The Masked Monkeys of Indonesia | Photographer: Ed Wray | PHOTOGRAPHERS |

For the past ten years, Ed Wray has been a photographer for the Associated Press, based in several capitals in Southeast Asia, most recently as Chief photographer in Jakarta. He approaches his work with a keen eye toward transformational situations – “in between” states where people are affected by the energies that change a situation from what was to what will be. We asked him about his Monkey Town series which he photographed in Jakarta.


Ed Wray was terrified the first time he encountered a masked monkey. Having lived and worked in Jakarta as a freelance photographer for years, he was accustomed to seeing the animals, cruelly leashed by chains, jumping through hoops or riding trikes on the sidewalks. But for Wray, the mask was a terrifying twist.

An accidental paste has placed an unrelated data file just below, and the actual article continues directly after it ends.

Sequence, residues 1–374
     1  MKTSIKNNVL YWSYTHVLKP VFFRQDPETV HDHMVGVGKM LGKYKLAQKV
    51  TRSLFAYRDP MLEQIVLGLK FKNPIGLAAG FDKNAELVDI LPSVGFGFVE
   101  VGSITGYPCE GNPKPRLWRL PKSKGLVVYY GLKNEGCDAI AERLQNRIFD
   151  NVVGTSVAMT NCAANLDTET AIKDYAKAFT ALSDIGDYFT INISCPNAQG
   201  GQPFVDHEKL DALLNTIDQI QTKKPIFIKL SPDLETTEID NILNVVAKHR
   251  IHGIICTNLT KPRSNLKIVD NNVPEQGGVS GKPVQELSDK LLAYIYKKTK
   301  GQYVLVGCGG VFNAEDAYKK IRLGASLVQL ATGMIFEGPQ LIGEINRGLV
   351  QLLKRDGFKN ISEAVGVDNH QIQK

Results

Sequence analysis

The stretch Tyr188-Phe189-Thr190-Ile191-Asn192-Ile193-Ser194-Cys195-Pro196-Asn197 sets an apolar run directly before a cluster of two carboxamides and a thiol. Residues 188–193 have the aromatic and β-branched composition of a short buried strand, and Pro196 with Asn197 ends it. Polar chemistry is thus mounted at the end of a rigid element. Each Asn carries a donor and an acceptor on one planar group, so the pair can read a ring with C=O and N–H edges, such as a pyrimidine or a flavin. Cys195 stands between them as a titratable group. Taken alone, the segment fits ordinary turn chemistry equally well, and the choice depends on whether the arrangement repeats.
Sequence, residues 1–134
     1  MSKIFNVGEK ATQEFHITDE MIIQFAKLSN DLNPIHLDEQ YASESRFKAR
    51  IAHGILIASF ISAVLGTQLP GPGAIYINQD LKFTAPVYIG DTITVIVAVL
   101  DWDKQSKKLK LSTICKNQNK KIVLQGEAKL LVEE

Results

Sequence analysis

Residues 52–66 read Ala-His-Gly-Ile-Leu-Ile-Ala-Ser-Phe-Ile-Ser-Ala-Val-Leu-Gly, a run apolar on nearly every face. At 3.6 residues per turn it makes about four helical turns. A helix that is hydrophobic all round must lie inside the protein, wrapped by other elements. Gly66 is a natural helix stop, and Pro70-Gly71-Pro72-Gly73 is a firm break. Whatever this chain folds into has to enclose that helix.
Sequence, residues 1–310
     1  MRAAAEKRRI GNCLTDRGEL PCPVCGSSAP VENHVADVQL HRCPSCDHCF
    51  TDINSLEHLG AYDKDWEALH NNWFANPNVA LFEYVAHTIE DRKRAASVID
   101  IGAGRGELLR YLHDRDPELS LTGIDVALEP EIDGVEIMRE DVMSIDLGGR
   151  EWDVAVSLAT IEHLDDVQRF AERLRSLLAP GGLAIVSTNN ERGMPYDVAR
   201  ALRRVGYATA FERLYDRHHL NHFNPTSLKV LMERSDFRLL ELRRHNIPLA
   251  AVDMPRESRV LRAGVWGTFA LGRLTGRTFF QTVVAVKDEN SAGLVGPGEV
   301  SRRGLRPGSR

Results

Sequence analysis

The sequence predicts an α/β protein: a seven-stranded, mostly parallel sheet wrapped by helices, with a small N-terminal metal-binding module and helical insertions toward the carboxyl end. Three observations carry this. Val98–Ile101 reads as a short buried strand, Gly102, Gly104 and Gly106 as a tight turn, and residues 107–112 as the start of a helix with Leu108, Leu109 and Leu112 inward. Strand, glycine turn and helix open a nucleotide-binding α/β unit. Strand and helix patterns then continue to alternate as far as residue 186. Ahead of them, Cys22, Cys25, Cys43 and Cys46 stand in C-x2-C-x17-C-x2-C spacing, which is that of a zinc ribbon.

“When I first saw a monkey with a rubber baby doll’s head stuck over its head as a mask, it immediately struck me as horrifying and beyond weird.” Wray said. “Something about the combination of the doll head – which I think is scary looking to begin with – and a long tail just struck a chord in me.”


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